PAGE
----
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Old    Drew Richardson (surffresh)      Join Date: Jun 2010       08-08-2011, 1:16 PM Reply   
does anyone have a Flyboy that you are willing to part with ? I have a customer here from overseas that will be here for almost 3 weeks and the next shipment will not be here until the end of this month. PM me if you think you can help. Thanks !
Old    James Albertoni (slimjim44)      Join Date: Feb 2009       08-08-2011, 1:17 PM Reply   
There's one for sale in the classifieds.
Old    Drew Richardson (surffresh)      Join Date: Jun 2010       08-08-2011, 1:34 PM Reply   
yep PM'd but no word yet, thanks tho
Old     (packrat)      Join Date: Mar 2005       08-08-2011, 1:39 PM Reply   
PM Sent. Packrat
Old    Joe (ilikebeaverandboats)      Join Date: Jul 2007       08-08-2011, 2:05 PM Reply   
anyone know when IS will be selling them? i want one next summer...
Old    Drew Richardson (surffresh)      Join Date: Jun 2010       08-08-2011, 3:05 PM Reply   
shipment is coming in at the end of this month, dealers should have them after that
Old    Joe (ilikebeaverandboats)      Join Date: Jul 2007       08-08-2011, 7:59 PM Reply   
are the flyboy boards as brittle and as sensitive to the heat as the shred stixx boards? I love riding my elevation, but the thing keeps getting small cracks everywhere, im convinced its because of the heat out here in AZ, because I baby that thing. 115 degree days and the board is either on top of the tower or in its bag in the bed of the truck on days we go out.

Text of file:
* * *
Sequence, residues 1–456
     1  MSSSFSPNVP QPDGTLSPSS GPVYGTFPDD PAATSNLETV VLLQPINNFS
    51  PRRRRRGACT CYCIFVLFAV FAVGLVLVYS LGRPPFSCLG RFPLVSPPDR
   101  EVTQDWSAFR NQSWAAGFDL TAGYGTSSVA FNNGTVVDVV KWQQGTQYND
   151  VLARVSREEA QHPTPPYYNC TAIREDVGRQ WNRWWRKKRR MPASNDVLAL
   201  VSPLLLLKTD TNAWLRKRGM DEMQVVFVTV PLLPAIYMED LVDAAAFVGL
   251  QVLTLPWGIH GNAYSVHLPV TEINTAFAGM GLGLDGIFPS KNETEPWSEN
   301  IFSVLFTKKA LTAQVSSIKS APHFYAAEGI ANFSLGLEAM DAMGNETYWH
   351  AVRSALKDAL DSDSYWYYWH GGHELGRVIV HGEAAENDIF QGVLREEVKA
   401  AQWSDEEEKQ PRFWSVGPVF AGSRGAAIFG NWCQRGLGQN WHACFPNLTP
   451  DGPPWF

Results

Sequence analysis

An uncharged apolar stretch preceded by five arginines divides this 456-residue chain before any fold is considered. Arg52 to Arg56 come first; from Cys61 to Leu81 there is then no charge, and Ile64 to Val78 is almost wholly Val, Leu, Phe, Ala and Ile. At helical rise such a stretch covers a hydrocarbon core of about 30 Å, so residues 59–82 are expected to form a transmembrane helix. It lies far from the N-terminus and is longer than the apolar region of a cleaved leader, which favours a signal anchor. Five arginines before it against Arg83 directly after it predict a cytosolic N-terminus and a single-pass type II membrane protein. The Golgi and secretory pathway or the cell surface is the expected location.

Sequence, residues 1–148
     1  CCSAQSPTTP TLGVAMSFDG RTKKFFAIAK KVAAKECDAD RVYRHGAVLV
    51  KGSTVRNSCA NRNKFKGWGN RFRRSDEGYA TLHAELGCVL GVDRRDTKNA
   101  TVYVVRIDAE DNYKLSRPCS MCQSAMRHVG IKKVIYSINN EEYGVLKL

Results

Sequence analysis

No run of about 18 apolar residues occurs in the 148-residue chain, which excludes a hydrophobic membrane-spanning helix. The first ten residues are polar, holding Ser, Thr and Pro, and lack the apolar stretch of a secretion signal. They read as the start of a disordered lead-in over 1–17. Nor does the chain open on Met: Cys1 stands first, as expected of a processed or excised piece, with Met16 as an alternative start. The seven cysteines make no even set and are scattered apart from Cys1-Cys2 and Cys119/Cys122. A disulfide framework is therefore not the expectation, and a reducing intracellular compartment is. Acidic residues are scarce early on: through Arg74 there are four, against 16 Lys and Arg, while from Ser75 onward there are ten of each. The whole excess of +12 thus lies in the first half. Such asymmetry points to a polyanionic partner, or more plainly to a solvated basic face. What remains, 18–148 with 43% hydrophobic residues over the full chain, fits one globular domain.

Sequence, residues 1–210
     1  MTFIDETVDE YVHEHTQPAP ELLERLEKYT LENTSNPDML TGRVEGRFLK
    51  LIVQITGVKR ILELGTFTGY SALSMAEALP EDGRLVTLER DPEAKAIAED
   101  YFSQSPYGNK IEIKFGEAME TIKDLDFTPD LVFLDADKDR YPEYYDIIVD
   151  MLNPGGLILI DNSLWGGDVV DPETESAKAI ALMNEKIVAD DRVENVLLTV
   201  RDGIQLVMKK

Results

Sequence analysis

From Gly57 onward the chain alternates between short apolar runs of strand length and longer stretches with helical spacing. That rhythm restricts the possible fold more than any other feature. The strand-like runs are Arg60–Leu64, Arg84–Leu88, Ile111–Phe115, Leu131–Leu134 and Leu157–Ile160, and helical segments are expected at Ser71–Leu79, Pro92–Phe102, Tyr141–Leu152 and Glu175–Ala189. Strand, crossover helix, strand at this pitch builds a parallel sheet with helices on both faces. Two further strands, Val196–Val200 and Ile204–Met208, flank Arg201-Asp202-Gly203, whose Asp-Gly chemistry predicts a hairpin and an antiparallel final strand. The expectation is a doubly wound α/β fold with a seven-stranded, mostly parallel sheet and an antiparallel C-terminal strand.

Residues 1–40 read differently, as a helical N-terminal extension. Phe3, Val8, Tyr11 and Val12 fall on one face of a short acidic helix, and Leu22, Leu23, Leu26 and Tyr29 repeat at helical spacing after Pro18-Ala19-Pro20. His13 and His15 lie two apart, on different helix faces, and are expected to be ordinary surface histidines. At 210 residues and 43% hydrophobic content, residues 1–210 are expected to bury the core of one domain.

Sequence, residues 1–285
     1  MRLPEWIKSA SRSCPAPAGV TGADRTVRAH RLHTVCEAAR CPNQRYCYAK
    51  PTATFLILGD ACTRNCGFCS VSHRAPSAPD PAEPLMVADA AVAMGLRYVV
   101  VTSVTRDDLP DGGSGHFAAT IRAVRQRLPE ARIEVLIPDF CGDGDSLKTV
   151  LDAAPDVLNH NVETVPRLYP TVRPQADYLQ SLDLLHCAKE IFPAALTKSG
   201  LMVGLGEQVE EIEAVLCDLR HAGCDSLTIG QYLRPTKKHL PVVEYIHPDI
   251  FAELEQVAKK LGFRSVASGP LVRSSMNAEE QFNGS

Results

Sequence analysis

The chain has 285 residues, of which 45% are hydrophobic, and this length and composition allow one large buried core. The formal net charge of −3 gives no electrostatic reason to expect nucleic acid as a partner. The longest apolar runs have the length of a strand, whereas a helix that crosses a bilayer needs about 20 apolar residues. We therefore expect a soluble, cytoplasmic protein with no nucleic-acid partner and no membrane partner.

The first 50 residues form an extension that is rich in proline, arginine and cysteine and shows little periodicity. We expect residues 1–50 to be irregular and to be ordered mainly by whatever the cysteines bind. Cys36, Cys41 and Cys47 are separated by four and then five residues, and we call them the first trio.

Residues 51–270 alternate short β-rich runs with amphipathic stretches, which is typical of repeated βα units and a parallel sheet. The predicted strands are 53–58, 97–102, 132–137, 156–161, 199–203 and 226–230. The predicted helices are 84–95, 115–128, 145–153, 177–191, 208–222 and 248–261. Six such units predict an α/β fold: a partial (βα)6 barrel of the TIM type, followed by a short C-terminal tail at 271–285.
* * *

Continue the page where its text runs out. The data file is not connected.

Old    John James (johnboyy7)      Join Date: Apr 2011       08-08-2011, 9:49 PM Reply   
i have a new IS flyboy for sale if you are interested in it. 750.
Old    Kenny (trash4life)      Join Date: Jun 2005       08-09-2011, 8:42 AM Reply   
Quote:
Originally Posted by ilikebeaverandboats View Post
are the flyboy boards as brittle and as sensitive to the heat as the shred stixx boards? I love riding my elevation, but the thing keeps getting small cracks everywhere, im convinced its because of the heat out here in AZ, because I baby that thing. 115 degree days and the board is either on top of the tower or in its bag in the bed of the truck on days we go out.
That's one of the main reasons I bought a flyboy instead of a new Shred stixx. I have a comp 1 that I have loved but it is sooo fragile and I wanted something that would last for more than 2 seasons. My new flyboy looks and feels as if its going to be much more durable but only time will tell. I'm still getting used to the differences between the two boards but enjoying the new challenge.
Old    John James (johnboyy7)      Join Date: Apr 2011       08-09-2011, 10:02 AM Reply   
How do y'all feel the new IS compares to the original as far as ride durability?

Last edited by johnboyy7; 08-09-2011 at 10:04 AM. Reason: Left out sentence
Old    Joe (ilikebeaverandboats)      Join Date: Jul 2007       08-09-2011, 11:05 AM Reply   
Quote:
Originally Posted by trash4life View Post